Members of the Alarme Phone Sahara (APS) coordination and Malian delegates in consultation

With the involvement of Sadio Diallo, himself a migrant and APS whistleblower, it was possible for the coordination of Alarme Phone Sahara to be on the retreat ground of the Malian migrants in view of a facilitation of their situation on 04th of February 2021. This gesture was fully appreciated by the Malian people, who suggest that their attitude, which has received a fair amount of media coverage, does not seek to discredit the IOM. In the same vein, they do not aim for a single moment to create diplomatic incidents between Niger and Mali. This justifies their letter to the IOM.

The Malians gave a telephone number to continue the exchanges. The delegation of Alarme Phone Sahara takes leave of the Malian delegates with an invitation for 20 people to the CommemorAction activities of 6th of February 2021 planned to be held at the APS office in Agadez to deepen the reflections. The day before CommemorAction, a telephone call to confirm their presence informs that they left the city of Agadez for Niamey on board buses mobilised by the Malian government according to well-informed sources. One of the Malian delegates promises to call back APS once they arrive in Niamey. This did not happen. At the moment, the interlocutor remains unreachable. Nevertheless, activists in Mali confirm the arrival of a group of Malian people who were in Niger after their deportation from Algeria.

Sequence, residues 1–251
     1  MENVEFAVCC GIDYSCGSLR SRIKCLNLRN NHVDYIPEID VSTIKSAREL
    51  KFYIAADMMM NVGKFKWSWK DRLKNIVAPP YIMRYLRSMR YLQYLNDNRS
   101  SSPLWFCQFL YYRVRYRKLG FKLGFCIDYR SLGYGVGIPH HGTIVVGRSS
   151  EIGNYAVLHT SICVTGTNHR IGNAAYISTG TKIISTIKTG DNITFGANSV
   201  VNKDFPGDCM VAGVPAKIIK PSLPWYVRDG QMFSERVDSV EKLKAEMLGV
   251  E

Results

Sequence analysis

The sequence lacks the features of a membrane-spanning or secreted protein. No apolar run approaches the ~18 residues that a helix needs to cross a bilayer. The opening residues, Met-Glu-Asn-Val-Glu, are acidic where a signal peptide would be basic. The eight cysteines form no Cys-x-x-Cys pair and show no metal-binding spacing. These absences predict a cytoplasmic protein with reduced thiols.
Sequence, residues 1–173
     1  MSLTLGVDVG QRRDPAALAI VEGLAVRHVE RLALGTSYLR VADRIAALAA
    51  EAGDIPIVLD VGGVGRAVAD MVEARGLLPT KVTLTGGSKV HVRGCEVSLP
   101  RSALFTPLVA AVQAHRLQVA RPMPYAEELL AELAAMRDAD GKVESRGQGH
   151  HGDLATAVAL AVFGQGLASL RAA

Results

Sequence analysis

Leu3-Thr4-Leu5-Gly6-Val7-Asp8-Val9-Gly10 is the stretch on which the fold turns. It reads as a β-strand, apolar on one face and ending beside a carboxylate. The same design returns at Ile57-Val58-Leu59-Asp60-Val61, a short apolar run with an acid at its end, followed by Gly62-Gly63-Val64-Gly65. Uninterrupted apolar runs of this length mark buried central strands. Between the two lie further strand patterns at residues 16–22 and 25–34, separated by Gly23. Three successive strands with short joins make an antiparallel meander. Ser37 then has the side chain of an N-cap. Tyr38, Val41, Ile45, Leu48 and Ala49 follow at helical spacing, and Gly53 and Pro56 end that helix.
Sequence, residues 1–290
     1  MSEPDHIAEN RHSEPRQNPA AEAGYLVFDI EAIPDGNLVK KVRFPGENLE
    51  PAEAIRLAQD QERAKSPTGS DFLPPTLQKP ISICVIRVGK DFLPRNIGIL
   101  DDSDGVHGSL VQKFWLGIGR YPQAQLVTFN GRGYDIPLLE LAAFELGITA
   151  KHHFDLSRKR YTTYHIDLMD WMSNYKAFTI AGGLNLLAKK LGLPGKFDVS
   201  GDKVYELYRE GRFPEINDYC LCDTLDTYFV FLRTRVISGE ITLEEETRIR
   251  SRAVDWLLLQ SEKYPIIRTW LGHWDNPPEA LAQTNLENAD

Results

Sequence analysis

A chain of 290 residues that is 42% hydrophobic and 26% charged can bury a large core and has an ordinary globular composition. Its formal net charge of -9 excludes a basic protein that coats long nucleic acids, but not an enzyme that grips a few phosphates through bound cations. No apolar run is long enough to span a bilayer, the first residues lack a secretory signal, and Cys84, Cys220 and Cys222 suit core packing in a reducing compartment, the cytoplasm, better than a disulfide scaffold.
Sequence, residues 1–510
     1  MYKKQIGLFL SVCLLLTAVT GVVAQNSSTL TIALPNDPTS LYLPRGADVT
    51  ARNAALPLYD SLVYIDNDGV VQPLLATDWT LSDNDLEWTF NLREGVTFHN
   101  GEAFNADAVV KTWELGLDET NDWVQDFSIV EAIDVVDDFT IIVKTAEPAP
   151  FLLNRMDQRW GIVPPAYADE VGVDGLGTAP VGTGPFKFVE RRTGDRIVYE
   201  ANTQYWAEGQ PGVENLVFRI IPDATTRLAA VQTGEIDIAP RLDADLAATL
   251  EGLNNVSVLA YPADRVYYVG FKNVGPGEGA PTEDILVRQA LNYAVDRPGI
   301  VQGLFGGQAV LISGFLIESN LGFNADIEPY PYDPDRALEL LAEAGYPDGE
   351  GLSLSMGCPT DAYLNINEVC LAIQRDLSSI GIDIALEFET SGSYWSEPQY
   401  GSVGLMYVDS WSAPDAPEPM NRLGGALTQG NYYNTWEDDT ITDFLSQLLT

International solidarity prevailed throughout the process in relation to the question of the return of the 172 Malian nationals deported from Algeria. The Alarme Phone Sahara Mali, Niger and Afrique-Europe Interact networks mobilised around the issue. While hoping for a quick recovery for the sick, the wish is to know that the large group has returned home safely. At the end of a telephone meeting of an APS body, it was agreed to associate the Malian activist structures for a follow-up of the return of the deportees from Mali in spite of all the incidents encountered.


In addition, the case of the group of 172 Malians deported from Algeria to Niger shows:

⦁ The fact that Algeria continues to deport citizens from various African countries in so-called "unofficial" convoys to the Niger border, which puts them in great distress, is to be strongly condemned.

⦁ It is unacceptable that the IOM makes the accommodation and care of migrants dependent on their acceptance of a so-called "voluntary return".

⦁ If deported migrants want to return to their country of origin, as is the case with the group of 172 Malians, transport must be organised in dignified and transparent conditions, involving the people concerned and their needs, and not under conditions of imposition.

⦁ Even if all the 172 Malians were able to return to Mali, such situations risk to repeat themselves as long as people are deported to Niger and remain stranded there.